The Sutherland Shire was home to a camp of grey-headed flying-foxes at Kareela. The Kareela camp was established in 2008 and has had up to 20,000 flying-foxes during peak periods.
The Grey-headed Flying-fox is a threatened species which means they are at risk of becoming extinct in the medium term future. Their numbers have declined significantly in recent times due to habitat clearing for development. Their role as pollinators and seed dispersers is critical and due to their loss of habitat they are increasingly roosting in urban areas.
Due to the close proximity of the camp to neighbouring special needs schools and residences and the significant community complaints council prepared a Plan of Management for the Kareela camp and implemented many of the actions detailed in the Plan.
Council commenced dispersal of the Kareela in August 2015. From September 2015 to November 2016 the Kareela camp was free of flying-foxes roosting during the day. An influx of flying-foxes occurred at Kareela during November 2016 which has been attributed to a food shortage for flying-foxes (and other nectar eaters) in the eastern states of Australia. The food shortage has also resulted in flying-foxes roosting at Camellia Gardens in Caringbah. In accordance with Council's conditions of consent for dispersal Office of Environment and Heritage (OEH) advised that dispersal actions must cease.
Management steps undertaken
The following actions have been undertaken to manage the camp:
- preparation of a Plan of Management
- removal of vegetation to create a 20m buffer between schools/residents and the flying-fox camp
- community education workshops and events
- eliminating activities that could disturb the flying-fox camp (which in turn disturbs the surrounding community)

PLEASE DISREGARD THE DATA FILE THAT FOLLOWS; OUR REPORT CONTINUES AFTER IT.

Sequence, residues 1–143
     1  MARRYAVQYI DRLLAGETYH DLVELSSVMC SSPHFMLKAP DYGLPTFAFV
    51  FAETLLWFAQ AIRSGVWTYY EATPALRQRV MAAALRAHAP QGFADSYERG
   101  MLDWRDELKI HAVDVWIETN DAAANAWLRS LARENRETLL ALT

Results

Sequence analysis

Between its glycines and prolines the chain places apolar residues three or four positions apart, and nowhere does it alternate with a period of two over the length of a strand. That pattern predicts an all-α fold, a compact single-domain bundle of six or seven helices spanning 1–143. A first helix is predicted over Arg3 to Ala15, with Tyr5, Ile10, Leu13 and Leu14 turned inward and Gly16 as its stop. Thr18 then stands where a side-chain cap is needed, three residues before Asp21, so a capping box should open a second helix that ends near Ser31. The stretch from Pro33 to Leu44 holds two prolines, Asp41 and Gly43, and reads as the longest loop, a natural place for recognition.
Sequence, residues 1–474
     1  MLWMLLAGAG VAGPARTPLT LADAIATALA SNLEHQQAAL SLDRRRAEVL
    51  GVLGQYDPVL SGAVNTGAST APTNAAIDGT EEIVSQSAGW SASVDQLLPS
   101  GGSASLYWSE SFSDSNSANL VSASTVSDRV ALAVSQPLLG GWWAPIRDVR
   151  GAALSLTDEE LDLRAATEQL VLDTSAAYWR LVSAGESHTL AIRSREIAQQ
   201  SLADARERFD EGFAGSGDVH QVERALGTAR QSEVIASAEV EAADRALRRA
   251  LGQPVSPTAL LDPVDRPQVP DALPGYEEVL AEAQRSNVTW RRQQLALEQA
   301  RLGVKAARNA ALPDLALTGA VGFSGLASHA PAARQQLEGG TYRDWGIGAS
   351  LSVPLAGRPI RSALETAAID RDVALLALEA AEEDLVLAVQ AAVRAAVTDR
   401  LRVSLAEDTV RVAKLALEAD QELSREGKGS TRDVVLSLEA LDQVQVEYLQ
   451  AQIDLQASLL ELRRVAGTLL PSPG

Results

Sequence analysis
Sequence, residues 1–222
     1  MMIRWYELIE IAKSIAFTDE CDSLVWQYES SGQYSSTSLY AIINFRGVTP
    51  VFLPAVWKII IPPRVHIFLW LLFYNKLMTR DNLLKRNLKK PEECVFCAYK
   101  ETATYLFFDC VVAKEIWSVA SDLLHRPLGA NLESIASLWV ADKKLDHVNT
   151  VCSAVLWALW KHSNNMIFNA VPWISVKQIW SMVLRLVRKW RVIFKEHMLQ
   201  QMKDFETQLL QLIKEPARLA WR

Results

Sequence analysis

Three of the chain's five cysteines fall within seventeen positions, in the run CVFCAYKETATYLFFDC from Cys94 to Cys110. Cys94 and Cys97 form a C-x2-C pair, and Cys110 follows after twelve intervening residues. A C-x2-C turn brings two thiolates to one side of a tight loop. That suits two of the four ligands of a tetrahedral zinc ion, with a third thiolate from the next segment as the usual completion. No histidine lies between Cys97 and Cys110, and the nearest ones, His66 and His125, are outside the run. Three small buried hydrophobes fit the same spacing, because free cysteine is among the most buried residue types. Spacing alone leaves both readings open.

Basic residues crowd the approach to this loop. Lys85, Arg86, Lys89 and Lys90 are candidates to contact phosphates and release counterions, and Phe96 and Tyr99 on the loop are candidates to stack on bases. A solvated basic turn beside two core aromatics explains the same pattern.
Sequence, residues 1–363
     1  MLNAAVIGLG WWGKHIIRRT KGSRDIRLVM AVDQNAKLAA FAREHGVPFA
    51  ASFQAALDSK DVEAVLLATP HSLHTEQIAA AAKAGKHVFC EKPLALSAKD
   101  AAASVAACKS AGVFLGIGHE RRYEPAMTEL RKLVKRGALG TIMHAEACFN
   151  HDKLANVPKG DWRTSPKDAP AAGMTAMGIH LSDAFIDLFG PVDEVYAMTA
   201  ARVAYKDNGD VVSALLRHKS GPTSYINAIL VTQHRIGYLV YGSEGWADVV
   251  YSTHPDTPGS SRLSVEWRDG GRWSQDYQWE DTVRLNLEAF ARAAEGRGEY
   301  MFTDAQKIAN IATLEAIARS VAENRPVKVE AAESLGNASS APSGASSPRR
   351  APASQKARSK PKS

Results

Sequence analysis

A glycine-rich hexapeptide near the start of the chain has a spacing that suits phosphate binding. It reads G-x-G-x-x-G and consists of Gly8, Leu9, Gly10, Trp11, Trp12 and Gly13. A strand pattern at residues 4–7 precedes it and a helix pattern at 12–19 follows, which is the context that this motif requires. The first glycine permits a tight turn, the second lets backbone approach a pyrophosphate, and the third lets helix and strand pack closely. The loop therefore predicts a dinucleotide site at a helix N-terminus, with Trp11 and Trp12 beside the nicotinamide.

- developing procedures for the community if an encounter with a flying-fox should occur
- dispersal of the Kareela camp (which has currently been suspendend until further notice)
Dispersal of the camp
Dispersal is currently suspended due to a food shortage for flying-foxes in the eastern states of Australia as per Council's Office of Environment and Heritage (OEH) S95(2) licence conditions of consent. Further information will be provided following discussions with OEH.
Report a flying-fox sighting
Health risks and flying-foxes
NSW Government Health states that there is no risk to the community from the flying-foxes providing that no handling or direct contact occurs. Even though a small percentage of flying-foxes may carry the Australian Bat Lyssavirus (ABLV) a vaccine is available which, if administered immediately following a bite or scratch, can prevent the virus from developing. For further information on flying-foxes and health visit NSW Government Health - Flying-foxes and health.
Do not handle flying-foxes. Call WIRES on 1300 094 737 if you come across an injured, orphaned or dead flying-fox.
Information on the ecology of grey-headed flying foxes/protection status from Department of the Environment
Policies and documents
Kareela Grey-headed Flying Fox Camp Plan of Management
Kareela Flying Fox Camp Dispersal Plan
Enquiries can be directed to Beth Noel on 9710 0686 or email@example.com